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  1. #1
    Join Date
    May 2009
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    19

    Minolta Lens for Sony A300

    Hi again

    Found these lens which are for sale. http://www.clubsnap.com/forums/showthread.php?t=519213 I don't know much about lenses, infact, very "green" with "what lens are good for something".....

    So, questions are:

    ** How much would you willing to pay for the Tamron 17-50?
    ** Which one/s are worth keeping and how much for?
    ** Would it be a wise decision to buy these for a starter or should I rather save up and buy a newie?

    Cheers
    Last edited by Aryajaide; 05-21-2009 at 12:22 AM. Reason: left out a link

  2. #2
    Join Date
    Oct 2008
    Location
    Raleigh, NC, USA
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    788
    I don't know the conversion rates off the top of my head and I'm lazy, so I'll give you some USD numbers, and ideas on those lenses. I owned the beercan & 35-70 when I shot Minolta, I currently own a Canon mount of the Tamron 17-50, and I have shot the Minolta 24-105 and researched it quite a bit.

    The beercan is great. I loved mine, and miss it on Canon. There isn't a better telephoto for less than $600. I wouldn't pay much more than $225 for it though.

    The Minolta 35-70 is a good lens but not worth getting on a crop camera because of range, unless you find it for cheap.

    The Minolta 24-105 is typically well regarded. I always wanted to get one, but never found a good enough deal when I had the cash. Don had one that was broken, and Sony didn't offer the parts to repair it, so he and most other people around here will advise against it. I personally don't have enough experience to agree one way or another, but a lot of people at dynaxdigital love it.

    The Tamron 17-50 is one of the best lenses available for Sony alpha. It holds it's value well, and used $350 is a decent price.

    The Tamron 11-18 I haven't used, but it has a good reputation. It is the same as Sony's 11-18 lens, which is the only ultra wide angle option from Sony for crop. Sony is a part owner of Tamron, and several of the Sony lenses are Tamrons with a Sony badge. However the Sigma (I think Don has it) might be a better option. There is also a newer Tamron 10-24. Better range, and I think it is a little faster. The reviews for it on Sony mount have been mostly positive, however on Canon people don't like it.

    I think the beercan + Tamron 17-50 would make a great basic kit to get going. Great image quality, and very good speed for a low price. Then you can add other stuff (UWA, macro, portrait prime, etc) as you need it. If you like the range of the Minolta 24-105 (I shoot a lot of pictures of people, and that range is perfect for that) then it might be a good buy. You can't get parts to fix it anymore, but that is the case for many if not most Minolta lenses.
    Jason Hamilton
    Selective Frame

    EOS 5D - Canon EF 24-85mm f/3.5-4.5 USM, EF 35 f/2, EF 50mm f/1.8 Mk II, EF 70-210 f/3.5-4.5 USM, EF 85mm f/1.8 USM, EF 100mm f/2.8 Macro, Helios 44-2 58mm f/2 (with EOS adapter), 430EX, Canon S90
    Nikon FE - Nikkor 35mm f/2 AI'd, Nikkor 50mm f/1.8 AI, Nikkor 105mm f/2.5 AI, F to EF adapter, 2xVivitar 285, other lighting stuff
    Mamiya C220 - 80mm f/2.8

    Gear List flickr

  3. #3
    Join Date
    Jun 2008
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    2,204
    Quote Originally Posted by laydros View Post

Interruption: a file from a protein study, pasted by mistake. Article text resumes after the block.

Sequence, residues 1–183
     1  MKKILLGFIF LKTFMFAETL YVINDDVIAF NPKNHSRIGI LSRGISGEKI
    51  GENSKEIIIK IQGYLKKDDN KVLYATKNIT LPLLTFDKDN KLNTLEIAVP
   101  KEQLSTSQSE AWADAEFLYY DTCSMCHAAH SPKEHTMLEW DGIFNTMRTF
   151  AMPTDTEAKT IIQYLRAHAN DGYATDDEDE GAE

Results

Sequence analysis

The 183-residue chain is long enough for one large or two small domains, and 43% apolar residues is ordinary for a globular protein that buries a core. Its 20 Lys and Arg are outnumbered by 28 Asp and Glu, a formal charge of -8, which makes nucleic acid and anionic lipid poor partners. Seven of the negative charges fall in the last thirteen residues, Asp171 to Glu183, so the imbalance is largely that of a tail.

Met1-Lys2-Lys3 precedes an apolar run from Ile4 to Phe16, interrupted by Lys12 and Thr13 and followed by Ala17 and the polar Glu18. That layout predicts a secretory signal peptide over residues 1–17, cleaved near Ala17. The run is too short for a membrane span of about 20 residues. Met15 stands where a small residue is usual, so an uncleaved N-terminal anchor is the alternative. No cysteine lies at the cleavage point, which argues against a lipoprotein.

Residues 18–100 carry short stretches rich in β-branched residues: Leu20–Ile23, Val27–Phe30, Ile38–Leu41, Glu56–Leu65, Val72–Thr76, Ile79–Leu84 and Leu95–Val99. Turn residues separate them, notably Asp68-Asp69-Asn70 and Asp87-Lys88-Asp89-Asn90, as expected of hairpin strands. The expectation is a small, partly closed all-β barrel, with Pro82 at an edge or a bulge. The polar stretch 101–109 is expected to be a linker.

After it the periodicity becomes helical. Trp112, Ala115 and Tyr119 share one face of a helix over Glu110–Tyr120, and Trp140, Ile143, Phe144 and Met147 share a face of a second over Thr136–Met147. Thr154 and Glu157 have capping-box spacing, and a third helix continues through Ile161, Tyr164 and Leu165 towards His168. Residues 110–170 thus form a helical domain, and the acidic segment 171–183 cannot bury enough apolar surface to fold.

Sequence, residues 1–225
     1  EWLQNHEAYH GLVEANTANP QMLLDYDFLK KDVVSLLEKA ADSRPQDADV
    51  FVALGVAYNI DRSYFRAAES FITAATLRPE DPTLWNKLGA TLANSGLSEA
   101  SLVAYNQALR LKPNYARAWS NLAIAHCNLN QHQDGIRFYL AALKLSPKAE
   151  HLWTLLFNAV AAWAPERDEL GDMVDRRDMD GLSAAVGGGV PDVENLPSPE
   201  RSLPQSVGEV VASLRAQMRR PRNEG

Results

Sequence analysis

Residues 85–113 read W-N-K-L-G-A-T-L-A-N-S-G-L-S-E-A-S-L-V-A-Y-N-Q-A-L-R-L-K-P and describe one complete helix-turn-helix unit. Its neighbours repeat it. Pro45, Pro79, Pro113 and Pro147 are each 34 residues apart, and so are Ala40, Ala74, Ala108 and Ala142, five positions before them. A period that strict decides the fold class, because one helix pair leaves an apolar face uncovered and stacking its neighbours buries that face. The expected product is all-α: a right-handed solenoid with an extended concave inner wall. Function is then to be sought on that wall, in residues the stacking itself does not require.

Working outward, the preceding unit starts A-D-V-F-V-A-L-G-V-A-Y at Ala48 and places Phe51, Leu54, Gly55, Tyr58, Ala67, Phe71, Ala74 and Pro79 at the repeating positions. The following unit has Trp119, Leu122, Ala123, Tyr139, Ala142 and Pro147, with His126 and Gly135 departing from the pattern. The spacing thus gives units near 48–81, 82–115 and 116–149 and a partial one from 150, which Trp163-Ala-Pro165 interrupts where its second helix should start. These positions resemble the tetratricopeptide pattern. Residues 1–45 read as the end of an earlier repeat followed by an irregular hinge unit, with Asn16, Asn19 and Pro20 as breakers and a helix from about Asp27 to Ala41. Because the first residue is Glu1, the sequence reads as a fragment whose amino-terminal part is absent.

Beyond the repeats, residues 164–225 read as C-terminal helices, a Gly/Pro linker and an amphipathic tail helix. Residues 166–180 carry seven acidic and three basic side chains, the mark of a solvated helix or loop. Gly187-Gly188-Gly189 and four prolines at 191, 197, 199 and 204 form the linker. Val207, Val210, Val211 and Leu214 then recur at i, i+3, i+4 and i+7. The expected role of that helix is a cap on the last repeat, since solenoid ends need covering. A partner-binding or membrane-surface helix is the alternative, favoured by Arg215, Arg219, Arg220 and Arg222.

I don't know the conversion rates off the top of my head and I'm lazy, so I'll give you some USD numbers, and ideas on those lenses. I owned the beercan & 35-70 when I shot Minolta, I currently own a Canon mount of the Tamron 17-50, and I have shot the Minolta 24-105 and researched it quite a bit.

    The beercan is great. I loved mine, and miss it on Canon. There isn't a better telephoto for less than $600. I wouldn't pay much more than $225 for it though.

    The Minolta 35-70 is a good lens but not worth getting on a crop camera because of range, unless you find it for cheap.

    The Minolta 24-105 is typically well regarded. I always wanted to get one, but never found a good enough deal when I had the cash. Don had one that was broken, and Sony didn't offer the parts to repair it, so he and most other people around here will advise against it. I personally don't have enough experience to agree one way or another, but a lot of people at dynaxdigital love it.

    The Tamron 17-50 is one of the best lenses available for Sony alpha. It holds it's value well, and used $350 is a decent price.

    The Tamron 11-18 I haven't used, but it has a good reputation. It is the same as Sony's 11-18 lens, which is the only ultra wide angle option from Sony for crop. Sony is a part owner of Tamron, and several of the Sony lenses are Tamrons with a Sony badge. However the Sigma (I think Don has it) might be a better option. There is also a newer Tamron 10-24. Better range, and I think it is a little faster. The reviews for it on Sony mount have been mostly positive, however on Canon people don't like it.

    I think the beercan + Tamron 17-50 would make a great basic kit to get going. Great image quality, and very good speed for a low price. Then you can add other stuff (UWA, macro, portrait prime, etc) as you need it. If you like the range of the Minolta 24-105 (I shoot a lot of pictures of people, and that range is perfect for that) then it might be a good buy. You can't get parts to fix it anymore, but that is the case for many if not most Minolta lenses.
    Well said!
    flickr

    Canon 7D - 5D | 550EX - 430EX II - (2) PW FlexTT5 | 24-105 f4L | 70-200 f2.8L IS | 100 f2.8L IS | 50 f1.8 II

  4. #4
    Join Date
    May 2009
    Posts
    19
    Thanks, laydros. Will have a further look at it tonight and weigh out my options. Thank you for your feedback.

    Should I purchase a second hand lens or should I wait and invest on a new lens?

    What's everyone's experience/s when starting out on this hobby? I have read that few people fall into a trap of buying too many lenses and then find themselves basically wasting their money on a lens where they could have invested on a 'better' and new lens-, "I should have bought a new lens to start with".